I have spent the last 20 years applying these principles in Fortune 500s (e.g., Salesforce, Microsoft, and Intel) as well as start-ups to make change easier and people more resilient. Last year, my co-author, Amy Leishman, and I completed “The Pit of Success: How Leader Adapt Succeed and Repeat” to bring together ideas to make leaders better at stepping up and leading through change.
Can you share with us the most interesting story from your career? Can you tell us what lessons or ‘take aways’ you learned from that?
For me, it is a painful story, but the truth is I was fired from Microsoft after only 3 days on the job as a consultant. I was brought in to support a large project with another consulting firm, but I was not at my best yet and after the first program Microsoft told me they would not be needing me anymore.
I was in the first year of starting my consulting firm and it was devastating — emotionally and financially. My wife and I had four children and I wondered how we would make it in the short and long term. It seemed like I had had lost my big chance to get my business really going.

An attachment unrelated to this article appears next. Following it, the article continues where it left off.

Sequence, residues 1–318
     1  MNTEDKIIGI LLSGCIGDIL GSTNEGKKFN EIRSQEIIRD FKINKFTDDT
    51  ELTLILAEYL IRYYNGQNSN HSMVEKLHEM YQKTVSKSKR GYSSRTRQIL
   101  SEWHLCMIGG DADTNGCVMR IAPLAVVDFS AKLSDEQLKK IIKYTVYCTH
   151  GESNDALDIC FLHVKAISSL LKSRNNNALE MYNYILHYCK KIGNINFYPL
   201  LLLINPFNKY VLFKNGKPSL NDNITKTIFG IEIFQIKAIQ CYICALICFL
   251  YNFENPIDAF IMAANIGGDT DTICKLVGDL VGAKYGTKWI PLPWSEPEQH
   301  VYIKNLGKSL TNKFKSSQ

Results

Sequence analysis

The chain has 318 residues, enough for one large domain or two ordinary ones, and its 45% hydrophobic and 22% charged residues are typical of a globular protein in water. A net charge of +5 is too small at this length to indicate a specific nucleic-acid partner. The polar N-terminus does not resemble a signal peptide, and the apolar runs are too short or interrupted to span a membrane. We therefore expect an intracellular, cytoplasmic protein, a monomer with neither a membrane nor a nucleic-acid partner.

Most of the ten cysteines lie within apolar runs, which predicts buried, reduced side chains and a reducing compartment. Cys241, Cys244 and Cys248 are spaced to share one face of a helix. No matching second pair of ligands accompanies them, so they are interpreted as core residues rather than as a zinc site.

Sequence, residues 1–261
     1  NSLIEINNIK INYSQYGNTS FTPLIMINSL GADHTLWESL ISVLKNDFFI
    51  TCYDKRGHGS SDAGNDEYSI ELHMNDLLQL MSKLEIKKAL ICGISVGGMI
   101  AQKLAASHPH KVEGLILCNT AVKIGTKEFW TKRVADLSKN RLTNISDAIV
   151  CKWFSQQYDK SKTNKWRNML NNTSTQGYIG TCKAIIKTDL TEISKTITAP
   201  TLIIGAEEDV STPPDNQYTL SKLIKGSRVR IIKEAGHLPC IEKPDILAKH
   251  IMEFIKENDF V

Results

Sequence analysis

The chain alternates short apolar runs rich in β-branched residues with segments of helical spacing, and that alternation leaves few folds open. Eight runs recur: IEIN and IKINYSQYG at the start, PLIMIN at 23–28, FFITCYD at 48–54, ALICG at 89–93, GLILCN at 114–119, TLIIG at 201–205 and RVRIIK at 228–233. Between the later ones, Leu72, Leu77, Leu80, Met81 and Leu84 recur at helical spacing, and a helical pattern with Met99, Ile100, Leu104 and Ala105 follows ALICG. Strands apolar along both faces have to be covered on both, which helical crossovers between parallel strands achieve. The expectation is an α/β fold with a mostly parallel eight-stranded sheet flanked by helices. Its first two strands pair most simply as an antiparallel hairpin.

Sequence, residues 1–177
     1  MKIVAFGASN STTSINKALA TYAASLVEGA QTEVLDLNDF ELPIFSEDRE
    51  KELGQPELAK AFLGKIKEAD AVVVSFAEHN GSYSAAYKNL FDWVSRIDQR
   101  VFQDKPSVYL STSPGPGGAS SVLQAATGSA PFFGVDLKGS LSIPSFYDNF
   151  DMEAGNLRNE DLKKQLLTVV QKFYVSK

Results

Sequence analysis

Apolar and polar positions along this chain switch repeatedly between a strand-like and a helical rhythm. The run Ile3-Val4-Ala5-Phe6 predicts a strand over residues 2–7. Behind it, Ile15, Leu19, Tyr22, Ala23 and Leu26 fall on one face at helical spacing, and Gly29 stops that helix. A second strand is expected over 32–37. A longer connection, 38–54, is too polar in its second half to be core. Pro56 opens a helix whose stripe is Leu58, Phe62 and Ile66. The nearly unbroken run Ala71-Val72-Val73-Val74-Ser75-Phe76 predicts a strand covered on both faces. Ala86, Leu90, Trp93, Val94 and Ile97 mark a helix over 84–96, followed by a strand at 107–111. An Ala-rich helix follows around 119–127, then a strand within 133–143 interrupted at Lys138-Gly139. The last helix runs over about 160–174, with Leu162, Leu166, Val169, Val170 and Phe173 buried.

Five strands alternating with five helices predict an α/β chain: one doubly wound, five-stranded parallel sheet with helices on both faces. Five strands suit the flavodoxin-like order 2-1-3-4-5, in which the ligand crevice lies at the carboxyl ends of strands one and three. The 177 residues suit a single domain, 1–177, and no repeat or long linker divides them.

We plodded along the next year and then out of the blue I got a call about doing some Leading Change work at Microsoft. I worked with the first group of leaders, and it was a big success. The following year they asked me to design a Change and Transition program that we launched around the globe in 15 countries. I went from not good enough and unwanted to a key player.
My key learning was that no moment defines me. Although it is normal to hurt and be disappointed when we don’t succeed, that moment of low performance, pain, and doubt is not who we are. I had to admit that I was not good at something at the moment, but it was not who I would be in the long term. While I did not want to be fired, I learned a ton from the mistakes I made on that consulting project — learning I still use to this day.